Sunday, April 14, 2013

Grace and Peace to You



You must first know that I am a competitive and driven person who also happens to be an empathetic, compassionate people-pleaser.  (Confused much?  Yeah, so is my husband).  Being 16 months younger than my older sister, our relationship is naturally competitive, so growing up we drove each other to excel, and excellence became the standard I set for myself. 

Until Bear.  My husband and I had our first born four years ago, and twelve days after his birth we learned he had Down syndrome (you can read the rest of my story here).  Both my husband and I had been athletes and were high achievers in many areas of life, so you can imagine how difficult it was to receive the news that we had been given a child whose involvement and inclusion would be limited in so many things in life.  But slowly, fear and worry gave way to fierce and incredible love as we got to know our Bear, and excellence and achievement were redefined.  

And though we have no trouble accepting Bear exactly as he is, we sometimes forget that outside the safety of home, there’s a harsh world that is often ignorant of his needs and abilities.  And in those moments when someone poses a ridiculous question or makes a rude remark, I’m reminded to extend grace.  Grace defined is “unmerited favor, mercy, clemency, pardon.”   I’ve been wrestling with that word a lot lately.  I make snap judgments, criticize without knowing all the facts, and am often harsh and unfair in my assessment of people or situations.  I’m quicker to handout condemnation than grace and find that I often shut myself off to people or situations rather than extend grace and allow myself to be vulnerable.  But the real reason I’ve been wrestling with this is that I feel that I’m finally beginning to grasp what God’s grace truly means.  Grace is one of the most commonly used words in the New Testament, so obviously it’s a big deal.  

While recently listening to a podcast on Ephesians, I was struck by what the pastor said about Ephesians 1:2.  “Grace to you and peace from God our Father and the Lord Jesus Christ.”  I don’t know about you, but I typically find myself skimming over verses like this one to get to the “meat” of the chapter.  But the pastor pointed out that the writer (Paul) was not wishing this as a prayer or a hope for the future.  Rather, he is declaring what IS ours because of what Christ has done.   

Did you catch that?  Grace and peace ARE ours if we are in Christ.  What does that mean?  What does it mean that grace is ours?  What it means is that I alone cannot do a single thing to earn God’s favor.   

And please pause and rest on this next thought: I cannot "be" a good enough person to earn God's grace.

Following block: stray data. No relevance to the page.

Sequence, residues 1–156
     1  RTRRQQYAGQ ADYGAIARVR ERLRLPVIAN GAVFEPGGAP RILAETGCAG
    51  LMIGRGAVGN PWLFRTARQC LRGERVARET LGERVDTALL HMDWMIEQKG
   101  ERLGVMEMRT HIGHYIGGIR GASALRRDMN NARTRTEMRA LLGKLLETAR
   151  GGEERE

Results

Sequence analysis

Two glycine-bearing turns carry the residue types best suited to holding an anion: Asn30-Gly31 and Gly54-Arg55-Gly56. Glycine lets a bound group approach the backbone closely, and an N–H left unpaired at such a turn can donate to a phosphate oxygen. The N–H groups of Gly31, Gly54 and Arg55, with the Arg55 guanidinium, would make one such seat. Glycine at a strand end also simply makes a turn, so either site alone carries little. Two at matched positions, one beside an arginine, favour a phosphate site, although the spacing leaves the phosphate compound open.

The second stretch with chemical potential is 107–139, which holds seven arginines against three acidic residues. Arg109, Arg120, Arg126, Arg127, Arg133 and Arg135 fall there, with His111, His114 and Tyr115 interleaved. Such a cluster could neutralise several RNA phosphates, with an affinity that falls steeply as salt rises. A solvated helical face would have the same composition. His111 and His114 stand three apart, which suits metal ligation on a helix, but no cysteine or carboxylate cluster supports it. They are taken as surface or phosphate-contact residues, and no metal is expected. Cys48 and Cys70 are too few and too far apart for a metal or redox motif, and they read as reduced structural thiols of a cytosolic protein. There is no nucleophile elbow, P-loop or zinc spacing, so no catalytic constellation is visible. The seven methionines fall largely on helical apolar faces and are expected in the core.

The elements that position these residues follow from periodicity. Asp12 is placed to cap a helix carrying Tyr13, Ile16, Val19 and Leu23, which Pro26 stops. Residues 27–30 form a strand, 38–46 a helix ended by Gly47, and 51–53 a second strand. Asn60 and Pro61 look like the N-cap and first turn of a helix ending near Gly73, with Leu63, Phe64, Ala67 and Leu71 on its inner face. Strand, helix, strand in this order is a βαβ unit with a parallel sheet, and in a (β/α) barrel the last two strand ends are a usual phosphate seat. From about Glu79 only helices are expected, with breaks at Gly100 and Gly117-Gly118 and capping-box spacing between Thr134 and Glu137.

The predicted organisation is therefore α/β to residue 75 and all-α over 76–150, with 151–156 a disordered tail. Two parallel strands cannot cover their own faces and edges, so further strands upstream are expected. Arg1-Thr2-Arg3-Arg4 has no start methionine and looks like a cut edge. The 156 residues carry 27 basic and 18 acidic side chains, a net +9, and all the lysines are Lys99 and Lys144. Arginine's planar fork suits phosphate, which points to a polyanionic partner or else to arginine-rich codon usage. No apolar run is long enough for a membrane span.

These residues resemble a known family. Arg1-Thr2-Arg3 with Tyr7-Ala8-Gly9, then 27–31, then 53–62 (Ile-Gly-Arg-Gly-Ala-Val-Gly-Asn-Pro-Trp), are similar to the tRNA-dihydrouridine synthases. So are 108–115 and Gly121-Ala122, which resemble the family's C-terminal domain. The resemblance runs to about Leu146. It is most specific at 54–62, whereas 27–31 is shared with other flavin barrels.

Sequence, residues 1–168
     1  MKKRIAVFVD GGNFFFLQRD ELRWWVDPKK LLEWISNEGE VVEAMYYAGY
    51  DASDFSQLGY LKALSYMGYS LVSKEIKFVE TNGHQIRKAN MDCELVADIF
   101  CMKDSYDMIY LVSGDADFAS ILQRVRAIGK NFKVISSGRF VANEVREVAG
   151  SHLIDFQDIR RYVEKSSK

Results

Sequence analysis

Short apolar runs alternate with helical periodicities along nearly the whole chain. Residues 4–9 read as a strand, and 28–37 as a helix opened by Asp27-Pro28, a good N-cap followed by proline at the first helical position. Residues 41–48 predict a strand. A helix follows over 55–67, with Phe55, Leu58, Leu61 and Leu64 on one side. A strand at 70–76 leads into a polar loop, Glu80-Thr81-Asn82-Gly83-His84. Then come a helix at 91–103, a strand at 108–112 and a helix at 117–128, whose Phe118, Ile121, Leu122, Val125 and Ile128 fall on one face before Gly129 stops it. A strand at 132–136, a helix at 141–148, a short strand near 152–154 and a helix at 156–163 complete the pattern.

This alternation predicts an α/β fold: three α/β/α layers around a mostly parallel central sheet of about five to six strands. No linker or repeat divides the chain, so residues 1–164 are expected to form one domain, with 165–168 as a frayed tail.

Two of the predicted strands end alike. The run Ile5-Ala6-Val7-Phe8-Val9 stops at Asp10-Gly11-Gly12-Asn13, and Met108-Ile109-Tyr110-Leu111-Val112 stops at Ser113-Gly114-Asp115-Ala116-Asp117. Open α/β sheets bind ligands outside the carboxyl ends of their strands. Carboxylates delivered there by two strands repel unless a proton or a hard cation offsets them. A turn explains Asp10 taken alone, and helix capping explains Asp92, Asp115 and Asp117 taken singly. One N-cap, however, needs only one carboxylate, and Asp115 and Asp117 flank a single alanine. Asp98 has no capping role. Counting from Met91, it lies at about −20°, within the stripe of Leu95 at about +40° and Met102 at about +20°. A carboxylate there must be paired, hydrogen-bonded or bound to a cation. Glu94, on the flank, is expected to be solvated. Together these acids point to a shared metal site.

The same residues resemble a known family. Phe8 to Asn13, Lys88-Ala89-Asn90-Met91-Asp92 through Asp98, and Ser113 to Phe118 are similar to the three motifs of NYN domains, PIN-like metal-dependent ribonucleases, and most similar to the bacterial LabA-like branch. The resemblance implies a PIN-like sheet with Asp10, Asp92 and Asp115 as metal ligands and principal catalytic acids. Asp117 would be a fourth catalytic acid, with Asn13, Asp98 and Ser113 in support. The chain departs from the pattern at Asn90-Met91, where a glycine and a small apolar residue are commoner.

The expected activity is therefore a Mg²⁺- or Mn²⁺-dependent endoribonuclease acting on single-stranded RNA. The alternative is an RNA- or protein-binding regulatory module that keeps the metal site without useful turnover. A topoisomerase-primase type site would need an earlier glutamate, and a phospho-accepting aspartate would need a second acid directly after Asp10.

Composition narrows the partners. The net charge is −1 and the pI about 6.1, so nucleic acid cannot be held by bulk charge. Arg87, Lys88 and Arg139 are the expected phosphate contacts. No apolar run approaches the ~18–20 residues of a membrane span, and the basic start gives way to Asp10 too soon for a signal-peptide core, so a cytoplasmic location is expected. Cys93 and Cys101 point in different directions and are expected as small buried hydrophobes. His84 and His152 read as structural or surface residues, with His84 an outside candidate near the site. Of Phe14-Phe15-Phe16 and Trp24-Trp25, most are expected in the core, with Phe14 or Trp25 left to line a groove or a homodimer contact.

It does not matter how kind I've been to others, how generous I've been, whether I've spent hours pouring over the Bible and in prayer, and whether I've confessed every sinful thought and action.  Surely God cares about those things but they do not EARN his favor.  That kind of thinking leaves me enslaved to my behavior and performance and abolishes the amazing work that was accomplished by Christ on the Cross.  That kind of thinking focuses on ME and what I can do to draw closer to God, when grace teaches that he’s already done it all.  That kind of thinking is not grace-based; it’s works-based.  If I think I have to add anything, it is no longer grace.    

What is also beautiful about grace being ours is that we are free to extend it to others, too.  I’m free to extend grace to my husband if I feel he’s wronged me, to my children when they’re little heathens, to the hurtful people who don’t love Bear the way I do.

And what does it mean that peace is ours?  Simply put, without the cross, we are at war with God.  But when we come through the Gospel and the grace of Jesus, we are at PEACE.  We no longer have to war within ourselves or with God to try to measure up.  God’s wrath toward us is gone.  See, we are free from this insidious fear that keeps us in its grasp, telling us that our God is a just God, a wrathful God, an angry God and that we have to constantly work to earn his favor.  Just as my children often mess up, NOTHING can stand in the way of my love for them.  YES, our Father is just.  Yes, he is storing up wrath.  And yes, he has a righteous anger toward sin.  But it is a beautiful thing to be in Christ, an heir to the kingdom, received in love by the Father. 

That’s grace.  That’s peace.    
                                            
And all we have to do is claim what’s ours.  

Do you struggle accepting God’s grace?  Why?  What specifically keeps you from claiming the grace and peace that are yours?


Disclaimer:  I am in no way a theologian.  I have no formal training in doctrine, theology, Greek, seminary, or anything of the sort.  I'm just a normal girl who's responding to what God's word is doing in my heart as it renews and refines me.  If you would like to learn more, the podcast I referred to is Greg Pinkner at Crossroad Fellowship Church in Knoxville, TN.  You can access his podcasts here or via iTunes.
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